SPAWN Market Update – April 2009


SPAWN Market Update – April, 2009

By Patricia L. Fry

Going, Going, Gone – 24 magazines, newspapers and publishers are gone.

Here’s What’s New6 timely and interesting items to report.

Opportunities for Freelance Writers 6 magazines, 2 syndications for writers and 6 job directories with hundreds of jobs for writers.

Opportunities for Authors9 publishers and a Boot Camp for Novelists.

Book Promotion OpportunitiesHow to get on the radio, book review opps. and more.

Opportunities for Scriptwriters5 scripts needed.

Opportunities for Artists and PhotographersHundreds of jobs for artists and photographers.

Editorial CommentaryHow to revive a faltering book.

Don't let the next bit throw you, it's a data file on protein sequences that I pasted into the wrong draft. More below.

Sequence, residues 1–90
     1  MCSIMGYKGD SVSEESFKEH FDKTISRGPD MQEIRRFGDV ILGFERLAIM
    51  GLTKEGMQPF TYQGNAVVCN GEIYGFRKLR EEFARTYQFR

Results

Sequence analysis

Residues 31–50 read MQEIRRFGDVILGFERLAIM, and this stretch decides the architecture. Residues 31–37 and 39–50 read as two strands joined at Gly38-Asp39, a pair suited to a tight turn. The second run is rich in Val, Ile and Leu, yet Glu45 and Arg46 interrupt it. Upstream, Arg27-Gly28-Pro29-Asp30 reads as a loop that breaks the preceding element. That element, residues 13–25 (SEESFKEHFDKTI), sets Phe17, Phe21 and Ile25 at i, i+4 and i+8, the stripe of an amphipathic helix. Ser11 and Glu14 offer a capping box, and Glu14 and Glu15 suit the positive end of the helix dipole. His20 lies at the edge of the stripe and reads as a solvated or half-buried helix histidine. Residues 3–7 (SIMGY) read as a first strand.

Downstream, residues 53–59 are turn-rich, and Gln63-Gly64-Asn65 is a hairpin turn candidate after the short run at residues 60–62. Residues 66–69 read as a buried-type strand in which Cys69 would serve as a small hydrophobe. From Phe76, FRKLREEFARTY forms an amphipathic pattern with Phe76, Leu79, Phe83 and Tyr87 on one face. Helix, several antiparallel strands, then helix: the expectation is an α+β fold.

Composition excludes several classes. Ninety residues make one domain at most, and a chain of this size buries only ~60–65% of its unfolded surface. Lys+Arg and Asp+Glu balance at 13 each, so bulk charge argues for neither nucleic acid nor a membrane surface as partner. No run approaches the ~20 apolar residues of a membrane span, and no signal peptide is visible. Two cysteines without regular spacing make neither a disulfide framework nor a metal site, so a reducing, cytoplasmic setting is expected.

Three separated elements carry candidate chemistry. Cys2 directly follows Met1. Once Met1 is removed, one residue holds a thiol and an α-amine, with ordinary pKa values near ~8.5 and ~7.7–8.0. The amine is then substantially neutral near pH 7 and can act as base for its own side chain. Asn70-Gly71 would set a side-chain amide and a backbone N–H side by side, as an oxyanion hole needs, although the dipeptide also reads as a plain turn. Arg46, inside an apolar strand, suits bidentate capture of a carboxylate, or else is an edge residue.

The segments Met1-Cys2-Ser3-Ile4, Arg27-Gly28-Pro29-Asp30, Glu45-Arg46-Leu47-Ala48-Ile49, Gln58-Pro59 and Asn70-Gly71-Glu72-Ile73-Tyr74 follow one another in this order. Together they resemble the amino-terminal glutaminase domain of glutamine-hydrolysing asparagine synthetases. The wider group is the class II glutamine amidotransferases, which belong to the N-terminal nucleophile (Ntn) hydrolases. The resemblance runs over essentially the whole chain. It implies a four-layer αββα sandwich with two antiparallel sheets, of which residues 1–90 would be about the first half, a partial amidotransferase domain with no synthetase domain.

Bonus ItemAnswers to questions about publishing, promotion and more.


Going, Going, Gone

Movieline’s Hollywood Life has ceased publishing.

The American Magazine is out of business.

Log Homes Illustrated has failed.

Domino Magazine has closed.

Hallmark Magazine is no longer publishing.

Write Now has gone out of business.

ForbesLife Mountain Time has quit.

Plenty has closed its doors.

Backyard has ceased publishing.

Mad Classics has been cancelled.

Mad Kids has quit.

Country Home is out of business.

Arizona Woman will cease publishing.

Bank Advisor has gone down.

Comic Foundry is no longer publishing.

Wondertime (Disney’s parenting magazine) has closed.

Workplace has also quit.

Realms of Fantasy is another casualty of the economy.

Teen Magazine and Website have closed down.

Rocky Mountain News, Colorado’s oldest newspaper has ceased publishing.

Upstate is out of business.

Anderson News, a wholesaler in Tennessee, has gone out of business.

Healing Lifestyles & Spas has quit.

The website for Blue Murder Magazine is for sale.


Here’s What’s New